The recent discovery of several scraps of purple-dyed fabric from the times of David and Solomon opens a small but significant window into the lives of the people who lived in Eretz Yisrael in ancient times – Baruch Sterman and Judy Taubes Sterman explain.
By turning to R. Yosef Albo to explore principles of Jewish faith, Samuel Lebens provides an interesting presentation. However, Howard Wettstein suggests, Lebens accomplishes the truly noteworthy by bringing the mystical side of Jewish thought into contact with medieval and even current analytical philosophy.
Spinoza correctly identified the centrality of Jewish law for the survival of Judaism, but erred in thinking that eliminating it is the path to a moral society. Daniel Rynhold explains how R. Sacks showed that maintaining mitzvot and retaining particularity is the way to secure a just society – for Jews and for humanity in general.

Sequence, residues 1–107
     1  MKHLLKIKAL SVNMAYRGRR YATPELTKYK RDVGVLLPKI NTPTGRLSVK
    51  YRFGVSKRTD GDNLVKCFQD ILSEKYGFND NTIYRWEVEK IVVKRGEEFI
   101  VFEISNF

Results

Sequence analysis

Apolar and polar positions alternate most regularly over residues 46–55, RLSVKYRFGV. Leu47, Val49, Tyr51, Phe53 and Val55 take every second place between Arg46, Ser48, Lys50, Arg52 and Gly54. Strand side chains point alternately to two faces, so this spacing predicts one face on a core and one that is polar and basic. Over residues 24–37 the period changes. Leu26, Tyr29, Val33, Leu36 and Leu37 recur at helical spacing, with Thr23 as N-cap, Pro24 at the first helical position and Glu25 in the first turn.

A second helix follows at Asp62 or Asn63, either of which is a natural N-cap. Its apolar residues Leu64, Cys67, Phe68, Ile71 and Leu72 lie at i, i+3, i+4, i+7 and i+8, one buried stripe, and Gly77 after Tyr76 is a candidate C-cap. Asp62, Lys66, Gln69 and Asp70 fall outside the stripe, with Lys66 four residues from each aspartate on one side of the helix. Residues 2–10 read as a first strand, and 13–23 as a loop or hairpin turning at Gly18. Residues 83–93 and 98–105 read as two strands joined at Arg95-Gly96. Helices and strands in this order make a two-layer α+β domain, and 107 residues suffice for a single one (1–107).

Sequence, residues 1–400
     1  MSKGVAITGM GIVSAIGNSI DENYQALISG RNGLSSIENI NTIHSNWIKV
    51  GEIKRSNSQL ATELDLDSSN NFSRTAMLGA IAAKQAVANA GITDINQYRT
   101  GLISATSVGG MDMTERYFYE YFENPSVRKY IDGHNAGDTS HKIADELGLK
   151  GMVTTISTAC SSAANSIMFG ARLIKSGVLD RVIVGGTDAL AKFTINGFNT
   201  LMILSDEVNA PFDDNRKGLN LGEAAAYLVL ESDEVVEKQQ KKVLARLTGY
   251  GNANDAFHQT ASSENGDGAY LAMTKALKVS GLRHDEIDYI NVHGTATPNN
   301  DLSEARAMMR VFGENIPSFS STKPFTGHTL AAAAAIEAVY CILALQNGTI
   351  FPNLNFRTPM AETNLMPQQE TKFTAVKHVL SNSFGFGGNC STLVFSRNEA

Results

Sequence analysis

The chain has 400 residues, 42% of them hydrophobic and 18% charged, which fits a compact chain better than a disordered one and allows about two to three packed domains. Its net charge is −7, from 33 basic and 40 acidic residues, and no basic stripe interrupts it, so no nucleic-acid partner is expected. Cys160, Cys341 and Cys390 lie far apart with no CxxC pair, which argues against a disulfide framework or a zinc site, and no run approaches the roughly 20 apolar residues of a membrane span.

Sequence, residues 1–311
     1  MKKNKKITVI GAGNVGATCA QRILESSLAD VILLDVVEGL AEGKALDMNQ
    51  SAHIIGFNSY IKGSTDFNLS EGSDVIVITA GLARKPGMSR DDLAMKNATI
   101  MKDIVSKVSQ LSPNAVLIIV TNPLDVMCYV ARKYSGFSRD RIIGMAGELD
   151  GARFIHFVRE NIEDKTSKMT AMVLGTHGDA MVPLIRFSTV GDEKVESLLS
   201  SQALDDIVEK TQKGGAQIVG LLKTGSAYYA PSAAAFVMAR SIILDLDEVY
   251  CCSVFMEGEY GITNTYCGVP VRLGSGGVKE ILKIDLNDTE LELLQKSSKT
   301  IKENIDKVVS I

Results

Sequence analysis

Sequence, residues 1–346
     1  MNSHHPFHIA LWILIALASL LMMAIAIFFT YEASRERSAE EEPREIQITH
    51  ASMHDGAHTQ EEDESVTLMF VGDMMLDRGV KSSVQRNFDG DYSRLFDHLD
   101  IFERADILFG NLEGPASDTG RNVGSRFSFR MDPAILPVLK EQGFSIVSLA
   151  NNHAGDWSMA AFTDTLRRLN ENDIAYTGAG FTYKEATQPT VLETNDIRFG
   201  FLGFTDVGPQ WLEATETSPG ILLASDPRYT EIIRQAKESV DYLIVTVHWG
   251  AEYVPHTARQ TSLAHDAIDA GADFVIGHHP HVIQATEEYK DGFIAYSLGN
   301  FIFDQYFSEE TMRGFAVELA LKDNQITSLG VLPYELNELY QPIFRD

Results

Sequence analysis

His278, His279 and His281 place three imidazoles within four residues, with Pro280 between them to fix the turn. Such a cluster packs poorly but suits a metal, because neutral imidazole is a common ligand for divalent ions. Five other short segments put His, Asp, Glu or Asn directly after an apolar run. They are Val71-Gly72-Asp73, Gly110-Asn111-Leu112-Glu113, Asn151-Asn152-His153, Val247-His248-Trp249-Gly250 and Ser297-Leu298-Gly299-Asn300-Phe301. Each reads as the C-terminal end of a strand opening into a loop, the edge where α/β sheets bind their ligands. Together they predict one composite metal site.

Emil Fackenheim, known for his formulation of the “614th commandment” (never grant Hitler a posthumous victory) was an important but controversial Jewish thinker. Daniel Korobkin reviews a new book exploring Fackenheim’s thought and its enduring message for contemporary Judaism.